How to assign generic function to variable?

I would like to assign a generic function to a variable.

Given the following generic function docApply and its exemplary use:

fun <I,O> docApply(f: (I) -> O, n: I): String = "$n -> ${f(n)}"
println(docApply(fun(n: Int): Int = n * n, 3)) // prints 3 -> 9
println(docApply({ n -> n * n }, 2)) // prints 2 -> 4

This is the way I might declare two variables named printer and printer2 parametrized with concrete types for I and O:

val printer = fun(f: (Int) -> Int, n: Int) = docApply(f, n)
val printer2: ((Int) -> Int, Int) -> String = ::docApply

However, my intention is to declare a variable (called printergen) that keeps the generic nature of docApply. Meaning: printer should be a sort of referential “copy” of docApply. In my attempt of doing so Kotlin complains about I and O being unresolved references, of course:

val printergen: ((I) -> O, I) -> String = ::docApply

I don’t find any syntactic means to declare I and O as being type parameters. Any ideas?

BTW: The only solution I could come up with is

fun <I, O> printergen(f: (I) -> O, n: I) = docApply(f, n)

but this adds a level of indirection and is not what I intended to do. I would like to use a val declaration.

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I don’t think that’s possbile.
At best you can get away dropping the parameters types and just using Any instead of I and O.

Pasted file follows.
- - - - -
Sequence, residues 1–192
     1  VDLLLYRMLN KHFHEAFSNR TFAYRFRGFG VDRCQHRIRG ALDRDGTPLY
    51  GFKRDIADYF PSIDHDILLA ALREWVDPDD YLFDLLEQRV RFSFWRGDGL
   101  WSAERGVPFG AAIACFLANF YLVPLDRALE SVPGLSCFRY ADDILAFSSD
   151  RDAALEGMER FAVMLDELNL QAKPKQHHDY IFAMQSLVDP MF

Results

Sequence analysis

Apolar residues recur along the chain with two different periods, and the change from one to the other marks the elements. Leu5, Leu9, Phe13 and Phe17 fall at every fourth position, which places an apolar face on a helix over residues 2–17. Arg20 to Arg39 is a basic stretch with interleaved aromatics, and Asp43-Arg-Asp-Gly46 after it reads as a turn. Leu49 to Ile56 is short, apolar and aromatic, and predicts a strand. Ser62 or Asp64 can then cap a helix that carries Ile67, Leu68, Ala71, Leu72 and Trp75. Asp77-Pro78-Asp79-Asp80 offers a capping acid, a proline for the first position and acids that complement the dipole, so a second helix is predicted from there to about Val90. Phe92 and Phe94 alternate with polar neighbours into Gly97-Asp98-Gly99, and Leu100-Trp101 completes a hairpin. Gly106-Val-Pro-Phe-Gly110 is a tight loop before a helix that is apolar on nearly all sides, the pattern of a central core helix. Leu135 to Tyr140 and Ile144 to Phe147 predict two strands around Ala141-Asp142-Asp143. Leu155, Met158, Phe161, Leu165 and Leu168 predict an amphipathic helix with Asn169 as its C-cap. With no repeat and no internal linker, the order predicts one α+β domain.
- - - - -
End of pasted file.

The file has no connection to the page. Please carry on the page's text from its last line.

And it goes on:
Anyway how would you use that variable in a different way than the function itself?

[I don’t get your last paragraph, `printergen` and `docApply` are the same functions.]

Thanks for your reply :smiley:

I guess so since I didn’t find any syntactic means in Kotlin’s grammar to maintain genericy.

I was inspired by, see val predicate: ... and just try to understand what is possible in Kotlin and what is not.

They are not the same, printergen calls docApply. Whereas in the Kotlin documentation I referred to, predicate is set with a function instance ::isOdd.

val predicate: (String) -> Boolean = ::isOdd 

My aim is to do the same with printergen and docApply. I have no current use for that, I’m just exploring what’s doable in Kotlin. I’m asking because I might have missed something in the Kotlin specification.

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There are two points I’d like to contribute. One is to use type aliases:

  typealias PrinterGen<I,O>=((I) -> O, I) -> String

Now your closure object looks like any other object. You can store it in a variable using the same rules as other objects (as a closure is actually just an object).
When you do this you would see that

  val printerGen: PrinterGen<I,O> = ::docApply

can only work if I and O are available in the context. Otherwise you’ll have to use wildcards:

   val printerGen /*:PrinterGen<*,*>*/ = ::docApply

But be aware that the relationships are not gone, so if you pass the variable as a parameter into a function that function can have named generic parameters that are used.

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Thanks Paul for looking into this! :pray:

Given your thoughts I played around with it a bit. Depite the typealias the code you propose doesn’t work. As soon as a function reference is created via ::docApply, the generic types need to be bound to type values, see e.g. printer2 in my original post at the very top.

Looks like there is no way to get a generic val printergen property as a sort of “copy” from docApply. I like to be proven wrong. Do you have a running example?